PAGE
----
Japan's Sakurajima Volcano Erupts, Prompting Highest Level Warning

Sophie Hirsh - Author

Jul. 25 2022, Published 3:40 p.m. ET

Japan volcano
Source: Getty Images

Sakurajima is seen on August 9, 2016 in Kagoshima, Japan.

A massive Japan volcano has erupted — and is still erupting.

Article continues below advertisement

The eruption caused the government to issue its highest level alert, forced dozens of people to evacuate their homes, and also has left many wondering: Does climate change have anything to do with volcanic activity?

Here’s what we know about the Sakurajima volcano eruption.

Japan’s massive Sakurajima volcano has erupted.

On the night of Sunday, July 24, at about 8:05 p.m., the Sakurajima volcano erupted, as reported by NPR. The volcano is located on the island of Kyushu, one of Japan’s five main islands.

Article continues below advertisement

The volcano quickly left its mark far and wide. A big rock flew from the volcano, landing around 2.5 kilometers (about 1.5 miles) away. And as The Japan Times reported, experts quickly warned locals that pyroclastic flows (the name for the mixture of ash, gas, and pieces of rocks that flow out of volcanoes) could potentially spread as far as 2 kilometers (1.24 miles) away from the volcano’s two craters.

Japan volcano Sakurajima
Source: Getty Images

21st October 1955: On a small island in the Gulf of Kagoshima, the volcano Sakurajima erupts.

Article continues below advertisement

At first, the Japan Meteorological Agency (JMA) issued a level 3 eruption alert. But early Monday morning, another (albeit smaller) eruption poured out of the Sakurajima volcano, prompting the JMA to up the warning to a level 5 eruption alert — the highest alert possible.

The agency also and ordered 51 people living across two nearby towns to leave their homes, as per WMTW. Additionally, day care facilities and other children’s activities in the area were canceled on Monday.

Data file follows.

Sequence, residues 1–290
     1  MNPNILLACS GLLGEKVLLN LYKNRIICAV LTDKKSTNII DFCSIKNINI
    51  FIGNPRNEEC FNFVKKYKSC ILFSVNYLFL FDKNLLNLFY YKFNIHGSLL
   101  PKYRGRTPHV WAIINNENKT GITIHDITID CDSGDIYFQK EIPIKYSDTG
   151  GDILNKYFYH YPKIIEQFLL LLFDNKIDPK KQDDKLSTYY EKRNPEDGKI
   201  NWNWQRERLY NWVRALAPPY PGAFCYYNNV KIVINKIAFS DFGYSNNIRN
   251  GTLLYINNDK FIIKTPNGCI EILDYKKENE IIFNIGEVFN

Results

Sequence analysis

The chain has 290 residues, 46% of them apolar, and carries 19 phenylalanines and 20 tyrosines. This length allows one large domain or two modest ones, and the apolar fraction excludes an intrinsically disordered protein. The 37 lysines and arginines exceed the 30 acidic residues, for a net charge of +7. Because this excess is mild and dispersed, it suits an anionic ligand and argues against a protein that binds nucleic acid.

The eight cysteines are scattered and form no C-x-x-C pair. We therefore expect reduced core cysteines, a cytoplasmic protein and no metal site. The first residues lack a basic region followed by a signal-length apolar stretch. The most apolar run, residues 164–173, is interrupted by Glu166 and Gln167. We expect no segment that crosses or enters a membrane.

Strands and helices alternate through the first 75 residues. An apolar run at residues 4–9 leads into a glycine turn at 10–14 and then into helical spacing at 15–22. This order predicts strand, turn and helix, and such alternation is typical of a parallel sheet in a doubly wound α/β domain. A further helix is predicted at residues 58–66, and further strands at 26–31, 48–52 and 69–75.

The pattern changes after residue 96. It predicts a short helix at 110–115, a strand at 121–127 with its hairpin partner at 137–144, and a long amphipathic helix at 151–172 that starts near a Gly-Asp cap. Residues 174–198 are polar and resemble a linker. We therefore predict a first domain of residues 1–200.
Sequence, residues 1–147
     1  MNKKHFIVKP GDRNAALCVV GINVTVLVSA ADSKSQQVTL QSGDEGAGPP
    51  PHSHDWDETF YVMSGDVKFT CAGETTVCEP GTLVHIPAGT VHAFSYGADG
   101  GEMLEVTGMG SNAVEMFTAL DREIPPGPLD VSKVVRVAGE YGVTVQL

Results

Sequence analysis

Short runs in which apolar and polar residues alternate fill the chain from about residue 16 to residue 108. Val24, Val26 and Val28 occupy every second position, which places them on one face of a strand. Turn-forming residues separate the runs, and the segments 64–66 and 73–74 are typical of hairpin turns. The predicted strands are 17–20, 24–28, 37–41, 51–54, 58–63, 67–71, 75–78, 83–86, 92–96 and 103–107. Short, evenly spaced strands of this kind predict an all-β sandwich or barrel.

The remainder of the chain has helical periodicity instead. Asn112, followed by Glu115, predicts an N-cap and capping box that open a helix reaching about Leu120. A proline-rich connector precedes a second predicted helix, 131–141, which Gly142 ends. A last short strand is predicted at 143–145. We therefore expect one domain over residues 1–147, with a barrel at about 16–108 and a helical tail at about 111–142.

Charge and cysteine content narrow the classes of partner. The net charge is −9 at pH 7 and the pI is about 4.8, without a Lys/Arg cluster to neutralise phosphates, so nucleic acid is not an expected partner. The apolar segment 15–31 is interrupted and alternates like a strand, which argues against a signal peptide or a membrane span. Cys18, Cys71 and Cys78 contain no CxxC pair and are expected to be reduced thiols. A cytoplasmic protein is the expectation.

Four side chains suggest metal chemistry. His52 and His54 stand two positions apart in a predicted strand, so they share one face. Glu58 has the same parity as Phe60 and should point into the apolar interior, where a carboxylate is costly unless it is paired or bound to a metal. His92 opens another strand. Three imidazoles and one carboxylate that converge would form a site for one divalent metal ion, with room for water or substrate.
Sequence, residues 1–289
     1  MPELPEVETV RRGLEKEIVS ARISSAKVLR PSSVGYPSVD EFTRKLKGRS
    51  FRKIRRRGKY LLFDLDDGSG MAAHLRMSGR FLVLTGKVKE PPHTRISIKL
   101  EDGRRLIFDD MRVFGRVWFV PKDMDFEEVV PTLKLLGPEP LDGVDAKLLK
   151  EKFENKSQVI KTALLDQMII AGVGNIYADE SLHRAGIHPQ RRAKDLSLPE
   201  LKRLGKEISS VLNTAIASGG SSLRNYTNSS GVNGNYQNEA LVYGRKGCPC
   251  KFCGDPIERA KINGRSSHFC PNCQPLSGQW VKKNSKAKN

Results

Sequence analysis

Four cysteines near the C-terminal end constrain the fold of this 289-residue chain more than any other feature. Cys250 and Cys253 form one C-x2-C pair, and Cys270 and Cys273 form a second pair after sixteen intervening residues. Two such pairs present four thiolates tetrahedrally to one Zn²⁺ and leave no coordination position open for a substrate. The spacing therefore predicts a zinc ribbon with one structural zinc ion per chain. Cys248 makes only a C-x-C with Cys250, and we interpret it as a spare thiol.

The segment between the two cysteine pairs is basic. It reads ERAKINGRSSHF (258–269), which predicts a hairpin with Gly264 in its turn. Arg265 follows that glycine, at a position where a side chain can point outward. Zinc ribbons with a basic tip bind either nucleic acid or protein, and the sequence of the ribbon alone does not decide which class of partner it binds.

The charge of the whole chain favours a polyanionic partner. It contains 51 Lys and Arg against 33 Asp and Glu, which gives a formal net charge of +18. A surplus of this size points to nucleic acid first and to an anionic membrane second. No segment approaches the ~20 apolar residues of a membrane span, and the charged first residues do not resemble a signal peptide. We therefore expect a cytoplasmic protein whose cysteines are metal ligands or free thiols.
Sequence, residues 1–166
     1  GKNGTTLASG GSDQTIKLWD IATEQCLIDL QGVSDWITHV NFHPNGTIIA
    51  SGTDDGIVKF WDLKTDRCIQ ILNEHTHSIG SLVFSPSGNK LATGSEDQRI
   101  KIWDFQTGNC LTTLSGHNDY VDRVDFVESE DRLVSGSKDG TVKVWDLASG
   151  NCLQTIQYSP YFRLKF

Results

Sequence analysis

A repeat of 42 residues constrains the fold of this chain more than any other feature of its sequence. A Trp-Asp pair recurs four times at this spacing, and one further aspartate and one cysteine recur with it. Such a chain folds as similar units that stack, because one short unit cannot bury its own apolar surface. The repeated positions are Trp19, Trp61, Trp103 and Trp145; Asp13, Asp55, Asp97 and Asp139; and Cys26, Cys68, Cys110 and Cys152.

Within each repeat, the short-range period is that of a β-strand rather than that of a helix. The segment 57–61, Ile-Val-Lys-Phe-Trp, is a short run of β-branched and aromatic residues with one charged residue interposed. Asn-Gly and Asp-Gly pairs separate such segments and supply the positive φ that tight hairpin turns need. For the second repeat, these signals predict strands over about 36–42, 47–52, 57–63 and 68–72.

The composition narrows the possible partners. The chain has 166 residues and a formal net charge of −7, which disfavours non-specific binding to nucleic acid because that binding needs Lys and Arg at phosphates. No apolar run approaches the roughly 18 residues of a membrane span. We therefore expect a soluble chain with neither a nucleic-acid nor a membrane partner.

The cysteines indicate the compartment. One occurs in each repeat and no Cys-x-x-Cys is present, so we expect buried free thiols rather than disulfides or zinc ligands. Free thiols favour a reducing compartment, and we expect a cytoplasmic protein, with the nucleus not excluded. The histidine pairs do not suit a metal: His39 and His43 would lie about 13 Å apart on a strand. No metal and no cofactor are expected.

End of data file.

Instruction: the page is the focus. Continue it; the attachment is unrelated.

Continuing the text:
“We will put the people’s lives first and do our utmost to assess the situation and respond to any emergency,” Yoshihiko Isozaki, the Deputy Chief Cabinet Secretary, said in a statement.

You can see footage of the eruption here:

Article continues below advertisement

Fortunately, the modest evacuation order was sufficient in terms of protecting locals, as there have currently been no reports of injuries or deaths.

Article continues below advertisement

Sakurajima is among the world’s most active volcanoes, according to Volcano Discovery, as well as the No. 1 most active volcano in Japan, as per Nippon. Its most notable eruption occurred over a century ago, in 1914. That massive eruption actually released so much lava — over the course of several months — that it completely covered up the strait that previously connected the Kagoshima Bay and the Osumi Peninsula, forming new land.

Article continues below advertisement

Does climate change affect volcanoes?

The climate crisis is related to so many “natural” disasters, from heat waves to wildfires — but does climate change affect volcanoes?

Volcanoes erupt when a tectonic plate moves under another, causing the ocean plate to sink and rocks to melt, turning into magma, and rise up and erupt.

A 2021 Cambridge University study found that although human actions do not and cannot impact a volcano erupting, our actions may affect how destructive a volcanic eruption can be.

According to the study, as we continue emitting greenhouse gases into the atmosphere through a variety of human activities, the atmosphere will continue to warm. As the atmosphere warms, it can cause volcanic ash and gas plumes to rise higher, as well as help volcanic material to travel quicker.

Article continues below advertisement

The researchers also found there to be “new feedback loops between climate and volcanic eruptions," which “could shed new light on the evolution of future volcanic influences on climate,” according to lead author Dr. Thomas Aubry.

Additionally, many people mistakenly believe that volcanic eruptions emit massive amounts of CO2 and other greenhouse gases into the atmosphere; however, NASA notes that these emissions are miniscule compared to those regularly released due to human activities.

More from Green Matters

Latest News News and Updates

    Opt-out of personalized ads

    © Copyright 2024 Green Matters. Green Matters is a registered trademark. All Rights Reserved. People may receive compensation for some links to products and services on this website. Offers may be subject to change without notice.